Bachand joined the Faculty of Law at McGill in 2003, and has served as an accredited arbitrator in both domestic and international cases. He has volunteered with a number of organizations, including the Canadian Civil Liberties Association, where he served on the board. Bachand was named Advocatus Emeritus (Ad. E.) by the Barreau du Québec recognizing his contributions to the law and to legal education and received the John W. Durnford Teaching Excellence Award at McGill University.

Daniel Royer, a Crown prosecutor with the office of the director of criminal and penal prosecutions, is appointed a judge of the Superior Court of Quebec, district of Montreal. He replaces Justice P.G. Capriolo, who elected supernumerary status effective Dec. 14, 2016.

Royer has exclusively practised criminal and penal law since his call to the bar in 1996. He practised for 15 years as defence counsel with the firm of Labelle Boudrault Côté and Associates. From 2011 until his recent appointment to the judiciary, he was a Crown prosecutor in the Longueuil and Montreal offices of the Director of Criminal and Penal Prosecutions. Royer has argued more than 100 criminal appeals before the Quebec Court of Appeal and the Supreme Court of Canada over the course of his career. He has taught criminal law and evidence at O’Sullivan College in Montreal, as well as a course linked to the Gale Cup moot at the Université de Montréal.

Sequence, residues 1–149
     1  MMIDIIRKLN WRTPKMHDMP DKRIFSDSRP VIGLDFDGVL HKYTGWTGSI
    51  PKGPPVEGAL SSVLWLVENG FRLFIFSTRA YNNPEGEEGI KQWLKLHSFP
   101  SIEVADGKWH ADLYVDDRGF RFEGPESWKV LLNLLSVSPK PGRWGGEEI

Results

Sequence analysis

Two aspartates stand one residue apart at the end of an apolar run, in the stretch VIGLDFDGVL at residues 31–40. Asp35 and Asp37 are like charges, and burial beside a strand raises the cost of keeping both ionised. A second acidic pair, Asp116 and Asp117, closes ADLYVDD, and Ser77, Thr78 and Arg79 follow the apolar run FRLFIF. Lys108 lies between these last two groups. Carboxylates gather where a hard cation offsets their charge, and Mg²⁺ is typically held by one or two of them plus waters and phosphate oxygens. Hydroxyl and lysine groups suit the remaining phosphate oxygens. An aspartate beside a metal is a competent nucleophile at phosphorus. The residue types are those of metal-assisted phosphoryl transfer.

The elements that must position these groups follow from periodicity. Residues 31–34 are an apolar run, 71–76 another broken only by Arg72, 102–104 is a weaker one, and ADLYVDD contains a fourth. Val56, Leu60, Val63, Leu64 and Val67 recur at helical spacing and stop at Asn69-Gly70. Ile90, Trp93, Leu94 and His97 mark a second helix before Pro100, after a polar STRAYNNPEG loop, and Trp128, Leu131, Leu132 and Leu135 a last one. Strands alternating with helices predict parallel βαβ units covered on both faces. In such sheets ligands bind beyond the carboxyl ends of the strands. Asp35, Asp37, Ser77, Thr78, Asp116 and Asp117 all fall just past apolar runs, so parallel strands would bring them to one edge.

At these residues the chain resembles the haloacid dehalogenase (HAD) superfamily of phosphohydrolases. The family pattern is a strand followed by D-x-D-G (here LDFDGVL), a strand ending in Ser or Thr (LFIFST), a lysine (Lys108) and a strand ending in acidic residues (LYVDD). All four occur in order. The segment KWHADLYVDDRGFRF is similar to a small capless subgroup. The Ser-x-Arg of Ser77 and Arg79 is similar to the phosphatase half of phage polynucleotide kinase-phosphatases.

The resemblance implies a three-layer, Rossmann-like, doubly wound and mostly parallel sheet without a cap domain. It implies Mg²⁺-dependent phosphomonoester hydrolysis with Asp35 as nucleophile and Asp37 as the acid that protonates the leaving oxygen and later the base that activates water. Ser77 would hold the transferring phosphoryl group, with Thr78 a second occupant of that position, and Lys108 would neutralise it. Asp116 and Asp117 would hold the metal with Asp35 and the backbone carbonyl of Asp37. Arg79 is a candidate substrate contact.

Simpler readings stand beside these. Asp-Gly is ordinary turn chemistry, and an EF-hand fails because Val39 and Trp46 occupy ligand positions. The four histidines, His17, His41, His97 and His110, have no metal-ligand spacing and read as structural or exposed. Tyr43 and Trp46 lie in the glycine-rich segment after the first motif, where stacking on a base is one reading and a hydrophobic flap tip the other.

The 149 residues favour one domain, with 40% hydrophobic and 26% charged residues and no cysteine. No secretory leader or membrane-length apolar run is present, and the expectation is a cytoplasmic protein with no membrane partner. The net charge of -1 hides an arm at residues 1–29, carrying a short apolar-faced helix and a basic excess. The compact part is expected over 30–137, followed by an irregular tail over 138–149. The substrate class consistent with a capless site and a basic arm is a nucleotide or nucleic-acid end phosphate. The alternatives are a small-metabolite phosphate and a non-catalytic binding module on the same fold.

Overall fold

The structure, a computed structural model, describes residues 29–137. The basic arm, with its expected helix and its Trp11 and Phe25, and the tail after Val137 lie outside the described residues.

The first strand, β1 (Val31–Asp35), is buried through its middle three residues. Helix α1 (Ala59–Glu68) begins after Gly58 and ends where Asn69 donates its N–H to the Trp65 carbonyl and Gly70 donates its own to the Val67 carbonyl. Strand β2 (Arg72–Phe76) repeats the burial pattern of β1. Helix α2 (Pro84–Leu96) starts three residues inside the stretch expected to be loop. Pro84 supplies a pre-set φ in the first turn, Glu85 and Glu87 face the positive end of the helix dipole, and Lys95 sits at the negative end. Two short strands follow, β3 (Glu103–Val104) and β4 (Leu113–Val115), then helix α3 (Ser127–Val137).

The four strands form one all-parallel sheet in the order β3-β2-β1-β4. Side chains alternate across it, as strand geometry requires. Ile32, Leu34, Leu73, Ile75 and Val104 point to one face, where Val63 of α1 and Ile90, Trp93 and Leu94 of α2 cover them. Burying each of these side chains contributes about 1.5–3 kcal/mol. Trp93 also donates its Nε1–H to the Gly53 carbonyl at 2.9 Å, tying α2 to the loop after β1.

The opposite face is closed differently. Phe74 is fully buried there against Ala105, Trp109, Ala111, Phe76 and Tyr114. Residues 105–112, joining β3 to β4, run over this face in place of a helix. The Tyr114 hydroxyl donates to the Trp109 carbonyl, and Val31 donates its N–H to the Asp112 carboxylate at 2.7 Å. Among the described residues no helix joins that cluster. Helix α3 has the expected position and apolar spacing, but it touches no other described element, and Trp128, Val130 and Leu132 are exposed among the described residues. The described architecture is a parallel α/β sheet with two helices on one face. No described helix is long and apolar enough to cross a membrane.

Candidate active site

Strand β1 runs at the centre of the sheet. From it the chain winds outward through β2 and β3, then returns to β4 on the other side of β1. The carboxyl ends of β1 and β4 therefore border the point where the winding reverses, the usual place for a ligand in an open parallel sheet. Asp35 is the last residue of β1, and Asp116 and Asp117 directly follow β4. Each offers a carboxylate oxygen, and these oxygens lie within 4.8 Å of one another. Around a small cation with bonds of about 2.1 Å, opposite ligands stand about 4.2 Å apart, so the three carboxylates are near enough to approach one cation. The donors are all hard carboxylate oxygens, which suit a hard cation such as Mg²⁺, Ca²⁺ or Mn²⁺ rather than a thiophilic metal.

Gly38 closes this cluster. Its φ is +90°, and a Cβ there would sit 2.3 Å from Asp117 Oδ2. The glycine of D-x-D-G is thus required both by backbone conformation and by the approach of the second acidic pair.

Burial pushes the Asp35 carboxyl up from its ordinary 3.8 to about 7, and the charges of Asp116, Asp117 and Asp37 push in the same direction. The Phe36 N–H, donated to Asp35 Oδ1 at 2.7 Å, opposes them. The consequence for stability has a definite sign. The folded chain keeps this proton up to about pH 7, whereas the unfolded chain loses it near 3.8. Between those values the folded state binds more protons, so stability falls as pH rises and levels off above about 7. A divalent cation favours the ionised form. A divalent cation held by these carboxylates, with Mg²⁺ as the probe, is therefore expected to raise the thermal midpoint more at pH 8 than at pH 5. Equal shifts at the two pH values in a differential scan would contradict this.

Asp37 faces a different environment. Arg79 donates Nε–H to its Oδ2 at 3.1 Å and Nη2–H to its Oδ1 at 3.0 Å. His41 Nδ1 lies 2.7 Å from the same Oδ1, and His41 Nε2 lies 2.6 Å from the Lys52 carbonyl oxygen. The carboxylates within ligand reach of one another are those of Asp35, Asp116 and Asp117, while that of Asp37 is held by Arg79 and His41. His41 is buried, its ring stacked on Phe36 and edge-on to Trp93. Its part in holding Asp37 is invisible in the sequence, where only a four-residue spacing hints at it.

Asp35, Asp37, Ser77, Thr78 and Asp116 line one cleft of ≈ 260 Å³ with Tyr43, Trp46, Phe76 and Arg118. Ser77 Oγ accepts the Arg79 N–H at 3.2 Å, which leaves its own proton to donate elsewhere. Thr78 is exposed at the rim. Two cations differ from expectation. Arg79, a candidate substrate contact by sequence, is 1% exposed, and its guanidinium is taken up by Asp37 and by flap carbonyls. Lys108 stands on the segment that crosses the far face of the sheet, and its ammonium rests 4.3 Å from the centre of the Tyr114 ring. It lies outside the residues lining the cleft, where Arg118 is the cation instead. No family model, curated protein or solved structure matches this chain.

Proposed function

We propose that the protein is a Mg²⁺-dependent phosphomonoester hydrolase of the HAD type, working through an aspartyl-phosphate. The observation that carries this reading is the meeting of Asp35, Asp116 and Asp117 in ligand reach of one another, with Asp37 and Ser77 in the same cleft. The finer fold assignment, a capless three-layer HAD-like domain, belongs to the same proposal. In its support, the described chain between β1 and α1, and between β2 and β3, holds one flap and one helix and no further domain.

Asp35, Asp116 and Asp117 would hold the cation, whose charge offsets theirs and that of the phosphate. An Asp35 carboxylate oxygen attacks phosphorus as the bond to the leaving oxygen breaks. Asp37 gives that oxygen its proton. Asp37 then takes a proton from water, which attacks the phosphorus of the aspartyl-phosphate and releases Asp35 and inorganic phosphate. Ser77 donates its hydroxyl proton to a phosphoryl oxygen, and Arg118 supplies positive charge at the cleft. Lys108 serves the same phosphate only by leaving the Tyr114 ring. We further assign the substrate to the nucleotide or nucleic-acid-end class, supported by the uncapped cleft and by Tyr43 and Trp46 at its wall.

Johnna Kubik, sole practitioner with Kubik & Co. in Alberta, was appointed a judge of the Court of Queen’s Bench of Alberta in Calgary. Her appointment fills the vacancy left on Nov. 15, 2016 when Justice B.E. Mahoney elected to become a supernumerary judge.

Kubik represented a wide range of clients during her career as a civil litigator, including representing them in personal injury cases, insurance defence and estate litigation. She has represented claimants in the Indian Residential School Independent Assessment Process, patients in mental health proceedings and the Lethbridge Police in a public fatality inquiry. She is also active in the community, promoting access to justice throughout her 12 years of service on the Regional Appeals Committee (Southern Region) or Legal Aid Alberta. Kubik is a veteran volunteer, offering her services pro bono at Lethbridge Legal Guidance.